With more than 350 golf courses across the state, South Carolina has long been regarded as a premier golf destination known for its outstanding array of courses. While most come to play on vacation, the state has also hosted some of the world’s top professional players annually, starting in 1969 with the debut of the PGA TOUR’s RBC Heritage at Harbour Town Golf Links on Hilton Head Island.
But when the Palmetto Championship at Congaree takes place June 10-13, it will conclude the greatest stretch of professional golf in South Carolina history.
By then, the sports world’s attention will have been focused for three months on the Heritage (April 15-18), the PGA Championship at Kiawah Island Resort’s Ocean Course (May 20-23), and finally on the Palmetto Championship at the exclusive Congaree Golf Club near Ridgeland.
“It’s a great story for South Carolina, for its tourism and economic development,” PGA TOUR Executive Vice President Ty Votaw said during the Palmetto Championship media day at Congaree. “The world will see South Carolina four times (including June’s BMW Charity Pro-Am in Greenville, part of the TOUR’s developmental Korn Ferry Tour) over that time frame.”
CBS Sports’ Jim Nantz, who anchors the network’s coverage of the Masters and Heritage each spring, recently dubbed the stretch “the South Carolina Swing.” A week ahead of the U.S. Open in San Diego, Congaree will test a strong field of 156 players, including South Carolina native and world No. 1 player Dustin Johnson.
As much an attraction for viewers as the Palmetto Championship’s contestants, though, might be the golf course itself. Opened in January 2018, Congaree has won a haul of awards, notably Golf Digest’s Best New Private Course of 2018. But with just two members—billionaire founders Dan Friedkin and the late Robert McNair, who owned the NFL’s Houston Texans—and 200 “ambassadors” who donate to fund Congaree’s charitable initiatives, the course has been largely unseen and cloaked in mystique.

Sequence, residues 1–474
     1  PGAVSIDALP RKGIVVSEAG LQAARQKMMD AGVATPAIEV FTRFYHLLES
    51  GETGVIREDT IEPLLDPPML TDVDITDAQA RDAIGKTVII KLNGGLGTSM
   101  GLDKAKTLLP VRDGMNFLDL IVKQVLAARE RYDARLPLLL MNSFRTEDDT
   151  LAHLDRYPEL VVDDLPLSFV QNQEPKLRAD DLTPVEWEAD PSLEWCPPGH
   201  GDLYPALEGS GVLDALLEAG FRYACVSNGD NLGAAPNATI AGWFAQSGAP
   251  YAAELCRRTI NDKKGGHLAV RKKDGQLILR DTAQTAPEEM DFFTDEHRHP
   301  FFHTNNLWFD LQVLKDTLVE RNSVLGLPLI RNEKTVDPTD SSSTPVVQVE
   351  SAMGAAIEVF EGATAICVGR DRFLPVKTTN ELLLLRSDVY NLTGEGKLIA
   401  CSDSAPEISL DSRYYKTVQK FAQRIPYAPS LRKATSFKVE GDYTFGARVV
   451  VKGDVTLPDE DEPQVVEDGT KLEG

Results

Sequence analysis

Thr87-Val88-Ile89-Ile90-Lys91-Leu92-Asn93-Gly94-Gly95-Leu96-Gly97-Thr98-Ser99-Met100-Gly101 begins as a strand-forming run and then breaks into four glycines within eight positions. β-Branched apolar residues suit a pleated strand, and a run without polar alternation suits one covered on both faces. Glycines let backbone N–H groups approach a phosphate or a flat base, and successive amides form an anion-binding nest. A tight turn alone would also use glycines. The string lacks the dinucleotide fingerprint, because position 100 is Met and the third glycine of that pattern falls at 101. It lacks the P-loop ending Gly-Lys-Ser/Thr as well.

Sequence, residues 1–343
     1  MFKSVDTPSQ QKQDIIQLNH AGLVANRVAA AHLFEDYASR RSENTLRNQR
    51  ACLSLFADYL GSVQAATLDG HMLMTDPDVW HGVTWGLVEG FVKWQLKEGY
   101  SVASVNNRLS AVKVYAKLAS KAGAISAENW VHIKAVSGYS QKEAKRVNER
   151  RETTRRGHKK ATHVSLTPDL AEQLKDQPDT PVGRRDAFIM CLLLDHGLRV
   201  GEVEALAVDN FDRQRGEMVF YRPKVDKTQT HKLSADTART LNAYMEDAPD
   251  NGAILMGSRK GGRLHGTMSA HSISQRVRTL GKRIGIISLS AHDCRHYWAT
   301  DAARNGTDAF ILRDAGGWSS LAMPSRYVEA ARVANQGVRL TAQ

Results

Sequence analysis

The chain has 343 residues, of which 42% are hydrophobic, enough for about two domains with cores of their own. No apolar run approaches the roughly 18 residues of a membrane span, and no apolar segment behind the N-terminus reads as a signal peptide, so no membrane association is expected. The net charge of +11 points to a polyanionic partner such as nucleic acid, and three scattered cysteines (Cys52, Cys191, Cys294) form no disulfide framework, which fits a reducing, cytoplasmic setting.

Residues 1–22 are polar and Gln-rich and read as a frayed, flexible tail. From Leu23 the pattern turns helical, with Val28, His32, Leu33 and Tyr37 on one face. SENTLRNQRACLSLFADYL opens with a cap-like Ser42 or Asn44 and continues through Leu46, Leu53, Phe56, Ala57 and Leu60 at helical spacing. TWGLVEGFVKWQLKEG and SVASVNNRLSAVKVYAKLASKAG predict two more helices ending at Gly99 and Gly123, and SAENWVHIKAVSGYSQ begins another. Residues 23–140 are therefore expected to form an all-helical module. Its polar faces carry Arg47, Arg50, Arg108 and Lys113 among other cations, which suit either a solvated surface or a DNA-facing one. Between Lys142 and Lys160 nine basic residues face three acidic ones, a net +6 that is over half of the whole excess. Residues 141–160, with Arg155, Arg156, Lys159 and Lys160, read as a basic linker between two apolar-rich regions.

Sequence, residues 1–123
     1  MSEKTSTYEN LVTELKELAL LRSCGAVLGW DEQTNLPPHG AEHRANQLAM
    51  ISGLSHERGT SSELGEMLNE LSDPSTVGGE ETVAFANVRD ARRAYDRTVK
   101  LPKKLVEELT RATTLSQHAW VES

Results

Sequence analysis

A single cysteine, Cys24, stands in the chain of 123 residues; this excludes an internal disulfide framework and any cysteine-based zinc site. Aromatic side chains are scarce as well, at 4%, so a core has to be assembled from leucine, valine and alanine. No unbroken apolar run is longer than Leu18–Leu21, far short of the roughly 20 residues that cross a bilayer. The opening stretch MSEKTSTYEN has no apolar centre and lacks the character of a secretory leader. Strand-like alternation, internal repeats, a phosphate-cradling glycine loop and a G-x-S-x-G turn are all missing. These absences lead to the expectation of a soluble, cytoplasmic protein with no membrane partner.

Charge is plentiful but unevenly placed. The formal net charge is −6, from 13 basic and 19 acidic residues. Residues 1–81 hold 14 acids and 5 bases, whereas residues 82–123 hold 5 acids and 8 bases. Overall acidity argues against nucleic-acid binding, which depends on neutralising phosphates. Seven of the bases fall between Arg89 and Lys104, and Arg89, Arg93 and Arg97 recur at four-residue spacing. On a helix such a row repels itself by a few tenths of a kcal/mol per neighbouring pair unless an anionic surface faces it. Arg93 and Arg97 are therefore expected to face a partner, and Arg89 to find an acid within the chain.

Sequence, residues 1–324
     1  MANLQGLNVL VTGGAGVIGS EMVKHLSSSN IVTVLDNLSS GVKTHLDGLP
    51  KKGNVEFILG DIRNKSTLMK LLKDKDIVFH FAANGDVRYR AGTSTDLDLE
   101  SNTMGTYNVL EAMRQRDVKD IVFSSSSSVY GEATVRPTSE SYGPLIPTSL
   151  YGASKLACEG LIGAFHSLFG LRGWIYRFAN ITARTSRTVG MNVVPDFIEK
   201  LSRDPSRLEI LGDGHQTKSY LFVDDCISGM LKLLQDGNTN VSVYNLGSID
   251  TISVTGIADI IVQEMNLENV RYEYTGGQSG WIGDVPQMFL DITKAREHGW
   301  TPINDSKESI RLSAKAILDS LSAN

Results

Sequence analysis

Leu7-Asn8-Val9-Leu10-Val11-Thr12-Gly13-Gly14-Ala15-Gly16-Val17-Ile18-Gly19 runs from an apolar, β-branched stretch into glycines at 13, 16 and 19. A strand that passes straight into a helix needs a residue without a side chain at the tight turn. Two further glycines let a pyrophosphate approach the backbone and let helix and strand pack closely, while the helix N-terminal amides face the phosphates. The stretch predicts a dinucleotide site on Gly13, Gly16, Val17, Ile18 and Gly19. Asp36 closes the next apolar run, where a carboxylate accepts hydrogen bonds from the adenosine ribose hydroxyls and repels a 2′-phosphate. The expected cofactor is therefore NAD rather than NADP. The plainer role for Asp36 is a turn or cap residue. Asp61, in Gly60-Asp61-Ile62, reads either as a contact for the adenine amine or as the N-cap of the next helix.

The Tom Fazio design, which can play up to 7,800 yards at par-72, is unlike anything many TOUR players have seen, said Greenville native Lucas Glover, 2009 U.S. Open champion and one of Congaree’s ambassadors. With wide-open spaces, vast expanses of sand and tightly-mowed fairways and green surrounds, plus undulating, lightning-quick putting surfaces, Glover compares the 3,000-acre layout to Australia’s Sandbelt courses, noted for their fast-running fairways and hard, shot-resistant greens. (Aussie Adam Scott, the 2013 Masters winner, is also an ambassador).
“If it remains fast and firm (meaning little or no rain), you’ll see different styles of play,” Glover said. “You’ll see the bombers hitting over the trouble, shorter hitters running it between the problems.
“Monday, Tuesday, Wednesday (practice rounds) will be really cool, seeing how guys go about it, (thinking) ‘How do I get it in this area to make birdie?’”
The week of the Heritage, Glover said, “I played 54 holes here in two days, and every 18 holes, I hit every club in my bag. You can’t say that about a lot of courses.”
Golf Channel will air the tournament Thursday and Friday and CBS on Saturday and Sunday. On-site spectators will be limited to 7,500, which should help mitigate access issues at the rural Jasper County site, and parking will be ample.